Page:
George Grey Barnard|
(May 24, 1863 - April 24, 1938) U.S.A.
Barnard was born in Bellefonte, Pennsylvania, but grew up in Kankakee, Illinois. He first studied at the Art Institute of Chicago, and in 1883 - 1887 worked in P. T. Cavelier's atelier at Paris while he attended the Ecole des Beaux-Arts. He lived in Paris for twelve years, and with his first exhibit at the Salon of 1894 he scored a great success, returning to America in 1896.
A strong Rodin influence is evident in his early work. His principal works include, "The Boy" (1885); "Cain" (1886), later destroyed; "Brotherly Love," sometimes called "Two Friends" (1887); the allegorical "Struggle of Two Natures in Man" (1894, in the Metropolitan Museum, New York - see the image at the right); "The Hewer" (1902, at Cairo, Illinois); "Great God Pan" Dodge Hall quadrangle, Columbia University campus, New York City; the "Rose Maiden"; the simple and graceful "Maidenhood". In 1912 he completed several figures for the new state capitol at Harrisburg, Pennsylvania. A colossal statue of Abraham Lincoln, in 1917, was the subject of heated controversy because of its rough-hewn features and slouching stance. The first casting is in Cincinnati, Ohio (1917), the second in Manchester, England (1919), and the third in Louisville, Kentucky (1922).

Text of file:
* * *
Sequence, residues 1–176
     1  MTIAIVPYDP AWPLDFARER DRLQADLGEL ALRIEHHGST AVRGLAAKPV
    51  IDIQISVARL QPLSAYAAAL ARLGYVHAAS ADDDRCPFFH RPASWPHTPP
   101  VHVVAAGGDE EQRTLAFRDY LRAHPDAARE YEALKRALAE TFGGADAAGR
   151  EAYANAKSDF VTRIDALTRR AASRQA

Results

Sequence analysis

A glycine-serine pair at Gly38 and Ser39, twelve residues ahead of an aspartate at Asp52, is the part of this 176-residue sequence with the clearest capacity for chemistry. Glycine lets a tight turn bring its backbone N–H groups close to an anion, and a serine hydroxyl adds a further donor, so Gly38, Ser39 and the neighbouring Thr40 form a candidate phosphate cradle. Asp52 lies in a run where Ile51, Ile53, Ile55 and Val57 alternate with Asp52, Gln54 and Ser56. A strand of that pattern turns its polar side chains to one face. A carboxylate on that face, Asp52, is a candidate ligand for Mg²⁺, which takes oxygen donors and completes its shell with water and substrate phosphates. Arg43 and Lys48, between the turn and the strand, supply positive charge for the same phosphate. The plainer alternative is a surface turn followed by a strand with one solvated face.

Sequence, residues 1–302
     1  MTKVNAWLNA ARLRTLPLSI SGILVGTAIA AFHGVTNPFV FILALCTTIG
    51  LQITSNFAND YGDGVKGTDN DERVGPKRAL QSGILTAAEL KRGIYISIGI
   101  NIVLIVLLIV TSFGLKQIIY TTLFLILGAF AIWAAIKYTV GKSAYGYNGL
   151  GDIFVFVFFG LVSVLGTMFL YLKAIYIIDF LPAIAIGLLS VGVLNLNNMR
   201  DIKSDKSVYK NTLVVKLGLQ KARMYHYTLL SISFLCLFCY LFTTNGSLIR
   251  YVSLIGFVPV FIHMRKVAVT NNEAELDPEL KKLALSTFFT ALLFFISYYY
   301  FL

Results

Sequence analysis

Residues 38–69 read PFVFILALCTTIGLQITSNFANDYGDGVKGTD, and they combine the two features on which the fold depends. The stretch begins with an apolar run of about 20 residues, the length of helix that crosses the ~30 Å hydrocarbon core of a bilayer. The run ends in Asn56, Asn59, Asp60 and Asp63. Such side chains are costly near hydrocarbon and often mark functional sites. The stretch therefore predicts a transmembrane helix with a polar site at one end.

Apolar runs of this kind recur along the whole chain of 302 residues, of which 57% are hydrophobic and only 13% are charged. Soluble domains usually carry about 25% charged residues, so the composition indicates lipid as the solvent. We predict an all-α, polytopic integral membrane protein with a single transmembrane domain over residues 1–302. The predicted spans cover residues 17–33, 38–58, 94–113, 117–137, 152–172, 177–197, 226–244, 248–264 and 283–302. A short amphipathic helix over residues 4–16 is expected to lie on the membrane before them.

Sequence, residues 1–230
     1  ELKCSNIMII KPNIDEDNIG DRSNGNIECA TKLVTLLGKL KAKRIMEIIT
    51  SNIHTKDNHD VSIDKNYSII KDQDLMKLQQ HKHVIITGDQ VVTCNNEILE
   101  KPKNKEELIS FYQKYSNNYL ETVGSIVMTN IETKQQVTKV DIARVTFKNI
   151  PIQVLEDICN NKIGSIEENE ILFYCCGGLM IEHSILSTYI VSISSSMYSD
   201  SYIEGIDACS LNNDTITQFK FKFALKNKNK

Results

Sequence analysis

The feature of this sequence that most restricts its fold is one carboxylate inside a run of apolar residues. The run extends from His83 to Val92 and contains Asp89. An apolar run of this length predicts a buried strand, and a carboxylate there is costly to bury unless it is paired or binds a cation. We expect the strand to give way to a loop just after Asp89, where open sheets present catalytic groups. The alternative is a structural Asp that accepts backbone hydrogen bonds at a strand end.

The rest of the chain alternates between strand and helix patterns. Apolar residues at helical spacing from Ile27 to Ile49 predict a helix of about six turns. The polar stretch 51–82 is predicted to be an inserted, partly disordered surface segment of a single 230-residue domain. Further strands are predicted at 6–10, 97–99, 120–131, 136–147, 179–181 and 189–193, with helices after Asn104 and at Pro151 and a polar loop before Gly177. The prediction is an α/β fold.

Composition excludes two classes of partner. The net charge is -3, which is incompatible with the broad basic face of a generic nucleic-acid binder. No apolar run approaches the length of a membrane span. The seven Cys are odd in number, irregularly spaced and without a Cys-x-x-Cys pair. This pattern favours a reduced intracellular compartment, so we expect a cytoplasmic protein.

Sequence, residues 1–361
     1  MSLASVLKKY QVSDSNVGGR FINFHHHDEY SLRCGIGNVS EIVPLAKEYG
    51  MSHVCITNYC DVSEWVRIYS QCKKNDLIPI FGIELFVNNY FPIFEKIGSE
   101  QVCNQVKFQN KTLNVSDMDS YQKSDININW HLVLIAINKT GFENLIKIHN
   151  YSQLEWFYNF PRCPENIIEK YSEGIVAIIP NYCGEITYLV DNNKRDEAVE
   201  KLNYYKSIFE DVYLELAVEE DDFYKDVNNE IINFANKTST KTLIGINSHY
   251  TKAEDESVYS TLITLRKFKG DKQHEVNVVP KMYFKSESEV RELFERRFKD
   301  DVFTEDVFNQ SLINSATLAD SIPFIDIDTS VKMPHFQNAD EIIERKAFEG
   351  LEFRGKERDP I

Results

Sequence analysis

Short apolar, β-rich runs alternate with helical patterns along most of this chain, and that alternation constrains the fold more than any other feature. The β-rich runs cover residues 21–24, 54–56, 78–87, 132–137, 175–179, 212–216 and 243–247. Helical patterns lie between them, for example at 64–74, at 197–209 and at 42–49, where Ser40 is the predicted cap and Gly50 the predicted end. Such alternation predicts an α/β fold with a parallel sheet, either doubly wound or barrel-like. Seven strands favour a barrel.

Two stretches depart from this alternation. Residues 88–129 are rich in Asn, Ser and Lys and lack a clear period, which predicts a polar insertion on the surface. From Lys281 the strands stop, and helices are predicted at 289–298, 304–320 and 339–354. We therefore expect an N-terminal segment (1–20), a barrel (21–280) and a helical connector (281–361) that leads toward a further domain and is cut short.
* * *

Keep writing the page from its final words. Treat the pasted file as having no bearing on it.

Barnard died following a heart attack on April 24, 1938 at the Harkness Pavilion, Columbia University Medical Center in New York. He was working on a statue of Abel, betrayed by his brother Cain, when he fell ill. He is interred at Harrisburg Cemetery in Harrisburg, Pennsylvania.
"The Great God Pan", one of the first works Barnard completed after his return to America, according to at least one account, was originally intended for the Dakota Apartments on Central Park West. Alfred Corning Clark, builder of the Dakota, had financed Barnard's early career; when Clark died in 1896, the Clark family presented Barnard's "Two Natures" to the Metropolitan Museum of Art in his memory, and the giant bronze "Pan" was presented to Columbia University, by Clark's son, Edward Severin Clark, 1907.
Interested in medieval art, Barnard gathered discarded fragments of medieval architecture from French villages. He established this collection in a churchlike brick building near his home in Washington Heights, New York City. The collection was purchased by John D. Rockefeller Jr. in 1925 and forms part of the nucleus of The Cloisters collection at the Metropolitan Museum of Art.